Swollen Lymph Nodes & How to Treat Them
Lymph nodes, which are small nodules found throughout your body, are an integral part of your immune system. Lymph nodes facilitate "communication" between various defense cells that fight off infection and foreign bodies to keep you healthy. When you’re experiencing an infection, your lymph nodes may feel or appear swollen because the cells within them are actively fighting the pathogen causing the infection. This enlargement is usually normal, but you should have a healthcare provider take a look if the swelling persists much longer than the duration of your illness.
Lymph nodes are found in various areas around your body, such as your groin, the sides of your neck, behind your ears, your underarm/armpit region and below your jaw. Though you can feel some nodes with your fingers, it’s not abnormal at all to be unable to locate your lymph nodes by touch.
Causes of Swollen Lymph Nodes
Most people experience swollen lymph nodes during periods of infection. These infections can range from the common cold to gingivitis to a number of sexually transmitted infections (STIs). Some autoimmune disorders can lead to swollen lymph nodes as well, namely rheumatoid arthritis, lupus and acquired immunodeficiency syndrome (AIDS).
More rarely, the root cause of swollen lymph nodes could be related to the development of cancer. Cancers that affect the blood, such as leukemia and Hodgkin or non-Hodgkin lymphoma, are the cancers most commonly known to cause lymph node swelling. Cancer that originates in other areas of the body can also migrate, or metastasize, to the lymph nodes. People who take certain seizure medications may also find themselves experiencing swollen lymph nodes.
If you have swollen lymph nodes, you should monitor the progression of the swelling. Typically, swelling or pain that arises suddenly isn’t as concerning as painless lymph nodes that get larger progressively over time.
Symptoms of Swollen Lymph Nodes
The major and most noticeable symptom of a swollen lymph node is a small lump you can feel underneath your skin. You might easily feel these lumps by pressing into your skin. However, not all swollen lymph nodes are large enough that you can feel them. Lymph nodes of the armpit, called axillary lymph nodes, are typically the size of a pea. If your swollen gland doesn’t reduce in size, seems to be fixed in place, isn’t painful and gradually gets larger, you should seek care from a medical professional.
How Swollen Lymph Nodes Are Diagnosed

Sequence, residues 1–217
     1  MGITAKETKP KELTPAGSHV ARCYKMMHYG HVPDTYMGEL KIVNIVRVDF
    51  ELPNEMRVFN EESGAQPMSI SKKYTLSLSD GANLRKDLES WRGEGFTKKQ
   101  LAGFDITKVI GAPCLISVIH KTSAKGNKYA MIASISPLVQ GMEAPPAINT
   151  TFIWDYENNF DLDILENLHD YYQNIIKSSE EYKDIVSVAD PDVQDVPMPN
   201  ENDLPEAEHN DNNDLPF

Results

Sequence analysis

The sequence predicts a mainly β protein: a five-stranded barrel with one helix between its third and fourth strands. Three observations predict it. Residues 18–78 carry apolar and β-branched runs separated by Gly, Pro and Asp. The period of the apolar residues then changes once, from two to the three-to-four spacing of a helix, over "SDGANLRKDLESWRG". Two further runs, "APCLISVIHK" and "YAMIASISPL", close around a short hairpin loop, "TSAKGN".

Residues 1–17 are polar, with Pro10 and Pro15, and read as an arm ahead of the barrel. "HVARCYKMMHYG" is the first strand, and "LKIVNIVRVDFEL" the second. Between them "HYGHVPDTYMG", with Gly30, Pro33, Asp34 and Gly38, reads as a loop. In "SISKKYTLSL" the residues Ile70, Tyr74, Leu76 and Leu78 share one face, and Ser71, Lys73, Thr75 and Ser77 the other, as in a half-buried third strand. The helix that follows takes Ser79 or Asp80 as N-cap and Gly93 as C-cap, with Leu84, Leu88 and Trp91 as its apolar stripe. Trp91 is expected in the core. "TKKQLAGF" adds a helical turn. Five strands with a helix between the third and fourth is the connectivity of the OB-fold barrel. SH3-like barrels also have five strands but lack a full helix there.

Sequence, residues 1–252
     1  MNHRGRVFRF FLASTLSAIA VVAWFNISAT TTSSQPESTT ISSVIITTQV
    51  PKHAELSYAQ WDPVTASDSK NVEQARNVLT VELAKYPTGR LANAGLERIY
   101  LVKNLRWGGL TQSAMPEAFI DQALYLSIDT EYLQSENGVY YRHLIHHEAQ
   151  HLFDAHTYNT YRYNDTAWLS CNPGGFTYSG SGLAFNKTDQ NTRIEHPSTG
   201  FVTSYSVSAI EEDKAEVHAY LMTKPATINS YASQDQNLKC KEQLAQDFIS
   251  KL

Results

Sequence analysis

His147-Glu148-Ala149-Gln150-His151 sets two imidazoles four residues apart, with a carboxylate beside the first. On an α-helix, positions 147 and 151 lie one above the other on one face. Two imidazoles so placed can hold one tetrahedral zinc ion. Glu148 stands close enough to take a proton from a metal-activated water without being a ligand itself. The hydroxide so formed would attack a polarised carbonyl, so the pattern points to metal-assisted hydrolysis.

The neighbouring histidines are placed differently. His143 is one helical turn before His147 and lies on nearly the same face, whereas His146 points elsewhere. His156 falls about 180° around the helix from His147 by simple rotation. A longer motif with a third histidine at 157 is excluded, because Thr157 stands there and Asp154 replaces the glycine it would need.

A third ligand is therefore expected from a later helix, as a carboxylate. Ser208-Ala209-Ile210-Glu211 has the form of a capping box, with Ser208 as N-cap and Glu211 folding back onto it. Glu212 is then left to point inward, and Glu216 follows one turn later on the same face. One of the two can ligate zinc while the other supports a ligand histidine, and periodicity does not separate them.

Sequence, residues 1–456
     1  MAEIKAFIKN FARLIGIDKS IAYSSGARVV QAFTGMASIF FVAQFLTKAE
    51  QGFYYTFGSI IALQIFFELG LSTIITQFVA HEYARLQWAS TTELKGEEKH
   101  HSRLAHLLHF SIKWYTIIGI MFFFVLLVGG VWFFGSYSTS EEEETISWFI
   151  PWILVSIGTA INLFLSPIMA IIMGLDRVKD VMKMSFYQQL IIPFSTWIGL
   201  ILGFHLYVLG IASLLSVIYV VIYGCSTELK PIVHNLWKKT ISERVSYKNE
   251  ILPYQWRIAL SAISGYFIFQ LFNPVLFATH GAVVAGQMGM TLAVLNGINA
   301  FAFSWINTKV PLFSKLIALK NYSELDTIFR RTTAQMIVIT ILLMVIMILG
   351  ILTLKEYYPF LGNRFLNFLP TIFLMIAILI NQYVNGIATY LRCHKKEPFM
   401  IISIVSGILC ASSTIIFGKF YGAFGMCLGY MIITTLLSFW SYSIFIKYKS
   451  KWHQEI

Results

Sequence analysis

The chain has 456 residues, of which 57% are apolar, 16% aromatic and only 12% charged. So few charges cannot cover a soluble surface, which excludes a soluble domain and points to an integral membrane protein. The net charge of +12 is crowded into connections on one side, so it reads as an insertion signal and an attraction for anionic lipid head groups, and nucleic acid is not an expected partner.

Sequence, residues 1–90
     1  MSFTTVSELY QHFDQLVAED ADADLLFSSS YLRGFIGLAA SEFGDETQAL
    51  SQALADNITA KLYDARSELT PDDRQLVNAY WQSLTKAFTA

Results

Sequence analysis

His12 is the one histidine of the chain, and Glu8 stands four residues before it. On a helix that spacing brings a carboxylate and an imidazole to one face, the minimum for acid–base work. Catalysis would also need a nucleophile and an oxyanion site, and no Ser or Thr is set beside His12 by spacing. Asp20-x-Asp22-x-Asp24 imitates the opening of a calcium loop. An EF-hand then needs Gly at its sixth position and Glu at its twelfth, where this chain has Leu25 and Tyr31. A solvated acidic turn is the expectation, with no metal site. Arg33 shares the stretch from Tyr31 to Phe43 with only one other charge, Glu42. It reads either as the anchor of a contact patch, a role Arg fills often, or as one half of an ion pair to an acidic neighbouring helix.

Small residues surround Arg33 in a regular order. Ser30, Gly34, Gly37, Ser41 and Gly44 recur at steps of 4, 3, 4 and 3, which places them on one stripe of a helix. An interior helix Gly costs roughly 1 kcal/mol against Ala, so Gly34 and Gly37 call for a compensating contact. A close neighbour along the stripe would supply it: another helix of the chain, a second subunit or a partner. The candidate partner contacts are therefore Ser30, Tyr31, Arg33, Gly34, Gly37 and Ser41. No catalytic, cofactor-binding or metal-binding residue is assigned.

Your healthcare provider can perform an initial diagnosis of a swollen lymph node simply by palpating (touching) the affected area. If your practitioner is concerned at all that your swollen node is due to a more serious condition, such as cancer or an autoimmune disease, they may order further diagnostic tests. These tests may include imaging, such as an X-ray, a biopsy (tissue sample) or blood tests to assess the function of your liver, kidneys and metabolic processes.
Your doctor will likely order a test called a complete blood count (CBC) to measure the number of various blood cells in your system. Elevated white blood cell levels may indicate an infection, while an abnormally low red blood cell count could show signs of a blood-based cancer, such as leukemia.
Treatment Options for Swollen Lymph Nodes
Treatments for swollen nodes depend on the root cause of the immune response that’s causing them to swell. If you have a bacterial infection, your healthcare provider may prescribe a course of antibiotics. If the swollen lymph nodes developed after an allergic reaction, you may require an antihistamine medication. In some cases, medication isn’t necessary, and you can alleviate the swelling by using a warm compress.
Swollen lymph nodes in the axillary (armpit) region may be concerning for certain types of cancers, specifically breast cancer, lymphoma and leukemia. Breast cancer remains particularly concerning because most of the immune reaction to breast cancer settles into the lymph nodes of the underarm region. An oncologist may recommend surgery, chemotherapy or radiation treatments to remove cancer cells, depending on the type of cancer involved. Localized cancers that haven’t spread to other parts of the body are generally easier to treat and result in better survival rates.
Medical content reviewed by Madeline Hubbard, RN, BSN